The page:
Most business contracts contain standard, or “boilerplate,” provisions. While these clauses are often buried at the end of the agreement, it is important to read them carefully, as they may become extremely important in a contract dispute.
Below are a few examples of boilerplate provisions and why they matter:
Force Majeure: The contract term, which means “superior force” in French, relieves the parties from performing their duties if certain unforeseeable circumstances occur that are beyond the parties’ control, such as natural disasters and other “acts of God,” terrorism, labor strikes, and supply shortages. Problems can arise when the clauses are drafted too narrowly, and the other party disputes whether the particular event excuses performance. To prevent this from occurring, force majeure clauses should include an all-encompassing phrase that covers “other unforeseeable events beyond the control of the parties.”
Governing Law: This provision dictates what law will apply to the resolution of disputes. If the other party is located in another state or country, you should insist that your home state’s law controls. Otherwise, you could be stuck litigating a contract dispute under unfamiliar and even unfriendly laws.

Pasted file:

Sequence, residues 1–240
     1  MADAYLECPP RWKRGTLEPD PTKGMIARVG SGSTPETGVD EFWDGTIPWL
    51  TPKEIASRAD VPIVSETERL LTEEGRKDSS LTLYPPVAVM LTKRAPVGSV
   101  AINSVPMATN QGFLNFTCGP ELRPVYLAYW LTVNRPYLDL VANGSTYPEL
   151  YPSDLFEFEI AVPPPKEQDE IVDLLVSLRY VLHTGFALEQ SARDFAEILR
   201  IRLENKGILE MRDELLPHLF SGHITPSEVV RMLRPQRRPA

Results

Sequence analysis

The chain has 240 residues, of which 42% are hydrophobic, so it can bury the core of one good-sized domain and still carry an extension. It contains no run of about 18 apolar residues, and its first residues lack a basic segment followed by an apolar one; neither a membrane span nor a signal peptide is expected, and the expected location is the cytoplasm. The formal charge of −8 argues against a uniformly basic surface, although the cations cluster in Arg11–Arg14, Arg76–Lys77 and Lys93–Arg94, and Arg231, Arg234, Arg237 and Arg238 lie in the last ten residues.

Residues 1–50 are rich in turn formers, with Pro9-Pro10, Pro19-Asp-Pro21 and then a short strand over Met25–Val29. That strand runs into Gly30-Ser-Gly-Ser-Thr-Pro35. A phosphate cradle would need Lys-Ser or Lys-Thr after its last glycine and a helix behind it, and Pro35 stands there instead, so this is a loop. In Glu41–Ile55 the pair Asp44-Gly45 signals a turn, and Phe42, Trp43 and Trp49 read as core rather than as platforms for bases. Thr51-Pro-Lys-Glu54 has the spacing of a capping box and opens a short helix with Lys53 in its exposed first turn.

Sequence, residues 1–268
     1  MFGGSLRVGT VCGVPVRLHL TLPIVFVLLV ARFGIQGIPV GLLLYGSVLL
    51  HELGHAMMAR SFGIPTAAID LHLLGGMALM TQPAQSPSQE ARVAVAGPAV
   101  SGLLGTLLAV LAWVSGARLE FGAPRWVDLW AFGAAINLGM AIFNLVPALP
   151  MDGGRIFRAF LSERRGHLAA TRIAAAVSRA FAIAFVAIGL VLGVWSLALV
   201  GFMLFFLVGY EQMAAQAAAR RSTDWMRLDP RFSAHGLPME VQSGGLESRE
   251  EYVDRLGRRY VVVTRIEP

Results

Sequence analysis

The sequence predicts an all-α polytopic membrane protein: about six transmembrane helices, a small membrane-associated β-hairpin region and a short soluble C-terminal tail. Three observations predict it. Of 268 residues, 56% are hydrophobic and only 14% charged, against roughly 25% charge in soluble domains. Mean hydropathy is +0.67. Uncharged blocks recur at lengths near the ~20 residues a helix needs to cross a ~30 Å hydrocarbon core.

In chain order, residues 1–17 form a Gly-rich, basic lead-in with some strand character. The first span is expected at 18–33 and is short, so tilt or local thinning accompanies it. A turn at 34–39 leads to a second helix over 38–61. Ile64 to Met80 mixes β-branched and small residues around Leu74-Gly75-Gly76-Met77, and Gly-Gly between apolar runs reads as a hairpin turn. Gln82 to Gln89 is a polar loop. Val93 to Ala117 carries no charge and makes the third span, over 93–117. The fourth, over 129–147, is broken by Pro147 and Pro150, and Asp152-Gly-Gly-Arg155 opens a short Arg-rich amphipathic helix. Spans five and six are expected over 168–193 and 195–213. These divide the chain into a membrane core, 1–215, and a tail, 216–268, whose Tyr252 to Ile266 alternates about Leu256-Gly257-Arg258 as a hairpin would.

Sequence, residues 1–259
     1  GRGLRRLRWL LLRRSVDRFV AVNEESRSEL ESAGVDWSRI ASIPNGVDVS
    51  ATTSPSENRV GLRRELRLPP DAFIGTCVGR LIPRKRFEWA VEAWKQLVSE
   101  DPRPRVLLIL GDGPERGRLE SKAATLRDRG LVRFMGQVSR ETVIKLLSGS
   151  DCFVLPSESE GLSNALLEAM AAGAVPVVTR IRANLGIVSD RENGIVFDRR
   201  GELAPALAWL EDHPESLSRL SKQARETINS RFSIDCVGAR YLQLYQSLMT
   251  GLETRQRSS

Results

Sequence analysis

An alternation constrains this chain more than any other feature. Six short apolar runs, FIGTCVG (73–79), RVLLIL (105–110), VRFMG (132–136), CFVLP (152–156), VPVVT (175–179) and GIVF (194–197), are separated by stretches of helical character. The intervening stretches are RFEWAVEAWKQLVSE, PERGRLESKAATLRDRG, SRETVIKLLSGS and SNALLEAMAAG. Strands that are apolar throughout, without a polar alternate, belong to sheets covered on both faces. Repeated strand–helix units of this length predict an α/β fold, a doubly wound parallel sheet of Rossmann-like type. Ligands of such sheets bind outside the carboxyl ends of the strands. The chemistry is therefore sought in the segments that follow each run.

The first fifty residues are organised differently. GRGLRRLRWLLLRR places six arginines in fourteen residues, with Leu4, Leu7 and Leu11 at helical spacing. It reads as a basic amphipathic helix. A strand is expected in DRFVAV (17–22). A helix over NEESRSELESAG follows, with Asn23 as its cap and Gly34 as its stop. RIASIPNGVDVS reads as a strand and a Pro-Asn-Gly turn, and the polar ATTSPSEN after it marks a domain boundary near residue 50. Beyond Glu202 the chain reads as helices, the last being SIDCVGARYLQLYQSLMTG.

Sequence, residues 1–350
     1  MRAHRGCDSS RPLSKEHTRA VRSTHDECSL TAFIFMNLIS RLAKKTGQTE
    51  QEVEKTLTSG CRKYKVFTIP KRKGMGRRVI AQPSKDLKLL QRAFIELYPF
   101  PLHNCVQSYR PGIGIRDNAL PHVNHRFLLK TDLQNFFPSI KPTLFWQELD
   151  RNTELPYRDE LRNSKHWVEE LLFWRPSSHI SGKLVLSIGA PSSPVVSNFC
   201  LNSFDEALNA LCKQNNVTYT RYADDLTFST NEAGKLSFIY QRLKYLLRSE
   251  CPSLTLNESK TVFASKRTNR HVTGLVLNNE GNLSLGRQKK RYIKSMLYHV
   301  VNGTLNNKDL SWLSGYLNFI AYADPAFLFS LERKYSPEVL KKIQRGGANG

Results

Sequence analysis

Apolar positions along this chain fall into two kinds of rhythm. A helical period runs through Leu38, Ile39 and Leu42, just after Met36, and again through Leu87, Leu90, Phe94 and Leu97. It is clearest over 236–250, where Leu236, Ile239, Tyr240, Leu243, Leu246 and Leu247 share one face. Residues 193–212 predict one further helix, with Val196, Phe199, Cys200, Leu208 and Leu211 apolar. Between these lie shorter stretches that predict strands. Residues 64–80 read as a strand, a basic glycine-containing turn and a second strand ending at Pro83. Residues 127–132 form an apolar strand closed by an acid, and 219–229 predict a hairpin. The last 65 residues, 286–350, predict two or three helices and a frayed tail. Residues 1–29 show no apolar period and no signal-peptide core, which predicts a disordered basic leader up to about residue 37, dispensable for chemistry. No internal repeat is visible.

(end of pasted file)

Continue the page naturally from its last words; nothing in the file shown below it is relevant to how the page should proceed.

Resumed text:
Forum Selection: This clause specifies where the parties can bring lawsuits under the contract. It is advisable to negotiate for the most convenient and favorable location, such as the state or federal courts in your state. Having to travel to another state or country to prosecute or defend a lawsuit can be both logistically complicated and costly.
Arbitration: Many contracts expressly state that all disputes arising out of the agreement must be subjected to final and binding arbitration. While arbitration is often an effective way to resolve disputes without litigation, it is important to consider whether you want to relinquish your right to a court trial. If not, the arbitration clause can be tailored so that only certain issues must be resolved through alternative dispute resolution.
How We Can Help
Before signing an important business contract, it is imperative to consult with an experienced business attorney. Our firm can explain what each provision means and negotiate the most favorable terms for your company. CONTACT US TODAY AT (832) 510-2900 TO SCHEDULE A FREE CONSULTATION.